3 not-so-obvious reasons to charge for financial planning

3 not-so-obvious reasons to charge for financial planning

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Kendall Hahn, Director – External Practice Development with Waddell & Reed, Inc.

Great Practice Solutions

I don’t believe anyone can dispute the value of financial planning – it fills a valuable client need and adds a new dimension to the client experience. Plus, it gives you an additional income stream. But there are some not-so-obvious reasons to offer – and charge for – financial planning. As you consider whether to add planning to your business, these may be worth factoring into your decision.

  1. Clients find value in something they pay for

When clients make an investment with expectations of receiving value, they’re likely to be more engaged. Committing their dollars motivates them to commit the time and effort needed to complete a plan and actively participate in the wealth management experience. Clients willing to make this investment show that they see value in your time as well as their own.

Many financial professionals base their planning fee on the complexity of the client’s situation and their industry experience/designations. Using these factors to market your value can help you increase your client base. Against the backdrop of a consumer environment that is saturated with free stuff, communicating tangible worth to clients is more important than ever before. This isn’t just a good skill to work on or something to employ occasionally — it’s essential to your business’ long-term survival.

  1. Outside planning resources can fill a gap

If you’re interested in offering financial planning services but aren’t a planning expert or don’t have time to add it to your business mix, consider the services of an outside financial planning resource. Advisors at Waddell & Reed have access to the firm’s Plan Development Service to build customized financial plans. From data entry to presentation creation, services such as this help with all aspects of plan development. While you will incur an expense for the service, it is recouped through the fees you collect from your clients. Outside planning resources represent the best of both worlds, allowing you to deliver quality planning services while maintaining your current business focus. Another option is to add a paraplanner to your staff.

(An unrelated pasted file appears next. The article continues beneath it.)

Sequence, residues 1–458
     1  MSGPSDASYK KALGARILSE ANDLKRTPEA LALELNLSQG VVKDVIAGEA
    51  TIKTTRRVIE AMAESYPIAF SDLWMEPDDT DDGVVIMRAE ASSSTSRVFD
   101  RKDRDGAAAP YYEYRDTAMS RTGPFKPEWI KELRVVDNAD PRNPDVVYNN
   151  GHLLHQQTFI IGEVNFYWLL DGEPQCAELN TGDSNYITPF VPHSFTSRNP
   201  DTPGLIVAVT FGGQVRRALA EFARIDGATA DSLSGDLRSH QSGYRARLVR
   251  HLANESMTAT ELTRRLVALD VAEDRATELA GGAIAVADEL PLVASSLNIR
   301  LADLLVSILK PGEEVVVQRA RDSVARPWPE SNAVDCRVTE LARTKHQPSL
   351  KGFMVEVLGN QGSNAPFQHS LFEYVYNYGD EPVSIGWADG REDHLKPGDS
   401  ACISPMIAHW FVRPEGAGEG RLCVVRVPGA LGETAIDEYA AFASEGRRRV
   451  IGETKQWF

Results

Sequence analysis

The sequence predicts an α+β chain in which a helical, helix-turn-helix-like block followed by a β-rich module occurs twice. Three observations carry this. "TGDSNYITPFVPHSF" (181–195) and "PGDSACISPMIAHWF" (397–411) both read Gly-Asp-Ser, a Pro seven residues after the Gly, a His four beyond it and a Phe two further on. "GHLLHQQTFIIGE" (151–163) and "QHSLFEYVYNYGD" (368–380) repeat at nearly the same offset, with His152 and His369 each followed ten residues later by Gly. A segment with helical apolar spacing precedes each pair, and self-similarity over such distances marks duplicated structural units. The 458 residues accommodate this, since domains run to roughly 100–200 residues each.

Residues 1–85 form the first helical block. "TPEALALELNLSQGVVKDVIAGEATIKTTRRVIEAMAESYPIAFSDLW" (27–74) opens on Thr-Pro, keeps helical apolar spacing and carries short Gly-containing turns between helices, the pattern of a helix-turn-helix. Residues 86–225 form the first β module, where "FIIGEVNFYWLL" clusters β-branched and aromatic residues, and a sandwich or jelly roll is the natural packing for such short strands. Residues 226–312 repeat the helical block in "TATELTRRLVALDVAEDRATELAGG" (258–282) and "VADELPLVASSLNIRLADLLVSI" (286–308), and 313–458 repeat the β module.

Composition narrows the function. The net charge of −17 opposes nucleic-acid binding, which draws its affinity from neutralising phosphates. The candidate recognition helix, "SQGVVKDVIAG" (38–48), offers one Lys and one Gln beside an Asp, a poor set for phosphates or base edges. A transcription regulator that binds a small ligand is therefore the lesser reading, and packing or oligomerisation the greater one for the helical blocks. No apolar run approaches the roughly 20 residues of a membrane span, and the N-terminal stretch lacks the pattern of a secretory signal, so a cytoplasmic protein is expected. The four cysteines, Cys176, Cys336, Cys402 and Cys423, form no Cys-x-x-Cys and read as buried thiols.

1. Fee transparency separates the planning and asset management experiences

Consumers are demanding greater control over what they pay for, when they pay for it and how much they are paying. They expect a lot and can resist a “one size fits all” type of fee schedule. They also want all charges to be fully transparent and customized to their needs. Therefore, it is critical to differentiate investment management services from holistic planning services.

A planning fee separates the planning experience from the asset management experience. As the commoditization of investment products continues, we’ll likely see less delineation between products and their performance. Furthermore, investment advisory fees that have been taken for granted have begun to undergo fee compression more aggressively. Charging for financial planning not only separates the experience and expectations for the client but also enables them to focus on the planning process and goal progress as product performance fluctuates.

Set yourself apart from the competition while engaging clients and building long-lasting relationships. While charging a fee for planning can be important to the financial sustainability of your business, perhaps the greater benefits are those that are not-so-obvious but ever-so valuable.

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